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RS: As an Asian man in a rodeo association, is the association fairly diverse or fairly white?
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RP: By looking at it, from a spectator side it's predominately white, but you know we have our Mexicans, our blacks, don't see very many Asians except for myself [laughs] but again it's the loving spirit that everybody has. Which makes it great.
[00:13:10]
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RS: Do you ever get any surprised comments when you say you participate in rodeo?
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RP: I do, they look at me--'cause I'm known as a pretty boy--they're like, "You play in the dirt? You ride horses and all this stuff?" And I'm like yeah, you know it's just exploring life, trying new things, taking risks.
[00:13:32]
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RS: Would you call yourself a cowboy?
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RP: Mmmm. No. I don't think so. Well, I don't know. That's kind of hard. 'Cause, you think of cowboys and you think of people that have property and work in the fields and have the horses and their livestock. So I don't know, that's really tough.
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RS: What about other people who live in cities but rodeo? Would you call them cowboys?
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RP: Again, it's just a no because...what's interesting is you learn about these people and where they grew up and where they are now so, if they did grow up on a farm and such I would say yeah, you are a cowboy, because you've had experience. And for those that just live in the city and stuff you can call them...urban cowboys? So, I don't know, for me it just shouldn’t have a title, shouldn't have a label, we're all here to compete and have fun and do what we love to do.
[00:14:26]
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RS: That's interesting. Well, there seems to be a lot of frustration in trying to get younger members. As a young person, what do you think the future of IGRA is moving forward?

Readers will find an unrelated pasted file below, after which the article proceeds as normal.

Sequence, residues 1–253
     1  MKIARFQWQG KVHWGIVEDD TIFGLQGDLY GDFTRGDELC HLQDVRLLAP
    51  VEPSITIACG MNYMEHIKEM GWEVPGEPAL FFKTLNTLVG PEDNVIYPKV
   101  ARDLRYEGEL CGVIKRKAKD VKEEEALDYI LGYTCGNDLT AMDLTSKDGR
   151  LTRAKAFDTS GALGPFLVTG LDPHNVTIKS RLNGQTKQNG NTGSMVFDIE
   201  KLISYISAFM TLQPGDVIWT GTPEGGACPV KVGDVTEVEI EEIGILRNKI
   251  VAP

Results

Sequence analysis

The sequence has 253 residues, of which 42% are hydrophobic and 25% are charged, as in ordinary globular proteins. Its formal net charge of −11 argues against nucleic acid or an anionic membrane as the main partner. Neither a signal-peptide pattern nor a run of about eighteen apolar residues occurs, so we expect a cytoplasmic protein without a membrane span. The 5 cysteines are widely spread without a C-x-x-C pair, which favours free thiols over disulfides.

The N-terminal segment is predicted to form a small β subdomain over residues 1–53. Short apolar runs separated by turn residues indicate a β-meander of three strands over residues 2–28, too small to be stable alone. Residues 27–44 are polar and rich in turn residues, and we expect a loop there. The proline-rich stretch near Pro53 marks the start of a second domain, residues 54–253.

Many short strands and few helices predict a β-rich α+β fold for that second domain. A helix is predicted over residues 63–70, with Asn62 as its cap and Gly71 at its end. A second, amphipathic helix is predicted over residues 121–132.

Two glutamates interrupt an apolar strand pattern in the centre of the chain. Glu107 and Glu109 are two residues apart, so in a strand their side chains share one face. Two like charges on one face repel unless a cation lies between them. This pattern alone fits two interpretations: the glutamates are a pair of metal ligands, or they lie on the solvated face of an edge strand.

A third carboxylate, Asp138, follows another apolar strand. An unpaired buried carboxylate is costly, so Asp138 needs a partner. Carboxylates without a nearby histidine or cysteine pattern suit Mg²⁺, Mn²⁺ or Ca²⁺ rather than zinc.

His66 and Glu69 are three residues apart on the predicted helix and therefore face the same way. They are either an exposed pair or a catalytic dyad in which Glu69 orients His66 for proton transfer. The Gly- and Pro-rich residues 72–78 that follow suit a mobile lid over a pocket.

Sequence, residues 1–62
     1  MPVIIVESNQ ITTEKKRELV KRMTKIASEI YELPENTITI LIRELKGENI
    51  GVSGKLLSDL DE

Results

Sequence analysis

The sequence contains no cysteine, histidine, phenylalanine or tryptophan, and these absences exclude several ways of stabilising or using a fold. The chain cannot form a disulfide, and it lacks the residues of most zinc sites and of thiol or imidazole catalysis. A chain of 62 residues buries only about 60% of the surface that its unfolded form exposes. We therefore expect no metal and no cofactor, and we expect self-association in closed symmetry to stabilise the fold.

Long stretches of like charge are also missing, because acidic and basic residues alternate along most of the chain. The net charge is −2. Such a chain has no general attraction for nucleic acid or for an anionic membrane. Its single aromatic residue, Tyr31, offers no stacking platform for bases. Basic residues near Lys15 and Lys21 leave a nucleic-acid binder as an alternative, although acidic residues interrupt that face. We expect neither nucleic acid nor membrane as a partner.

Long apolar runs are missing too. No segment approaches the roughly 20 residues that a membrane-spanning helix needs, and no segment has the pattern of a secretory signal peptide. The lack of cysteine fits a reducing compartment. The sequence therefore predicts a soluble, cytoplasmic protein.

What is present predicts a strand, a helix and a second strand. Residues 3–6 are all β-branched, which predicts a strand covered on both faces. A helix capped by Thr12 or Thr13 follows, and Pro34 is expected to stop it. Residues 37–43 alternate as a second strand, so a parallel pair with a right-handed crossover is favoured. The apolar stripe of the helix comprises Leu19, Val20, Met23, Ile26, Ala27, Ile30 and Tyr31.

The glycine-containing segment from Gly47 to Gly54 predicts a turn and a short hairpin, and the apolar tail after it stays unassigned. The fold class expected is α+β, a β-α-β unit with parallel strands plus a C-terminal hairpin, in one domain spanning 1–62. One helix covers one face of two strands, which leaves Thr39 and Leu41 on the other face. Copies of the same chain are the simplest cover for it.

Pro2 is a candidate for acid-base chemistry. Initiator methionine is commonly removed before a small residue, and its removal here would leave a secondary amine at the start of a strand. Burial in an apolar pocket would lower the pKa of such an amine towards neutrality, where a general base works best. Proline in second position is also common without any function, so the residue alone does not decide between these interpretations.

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RP: I think it's just getting out there and making sure we are exposed. With me being part of the younger generation, you know, showing the people of my generation, like you can be a part of this stuff, you know. The people who started this came from somewhere. They had to work hard to give us what we have now and we shouldn't take that for granted. It's about the history of where we come from and how we can keep that alive. For me it's now talking to people who are like, "Oh you rodeo," it's inviting them out, let them watch, show them pictures, show them Facebook and our social media stuff that we have nowadays and they realize they can be a part of it as well and I believe getting more younger generations involved is gonna be what keeps the organization alive.
[00:16:15]
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RS: That's interesting. Well is there anything else you want to talk about?
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RP: Not that I know of.
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RS: So what was the very first rodeo you went to?
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RP: The first rodeo would be, in Fort Worth on an elementary school field trip. Fort Worth is known for their stock yards.
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RS: Yeah.
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RP: So that was my first one in Fort Worth. I think it was 3rd grade, yeah.
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RS: Were you ever like, "I want to do that?"
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RP: No, I was like, "Ew, what's this smell, it stinks. Can we leave?" [laughs] So you know, you grow up and then you're like, "Oh wow, oh okay. Why did I say that when I was younger?" It's this funny thing when you're younger and you say things and then you're like oh never mind. So.
[00:16:54]
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RS: That's fantastic. Well thank you so much for talking with me. I really appreciate it.
[00:17:21]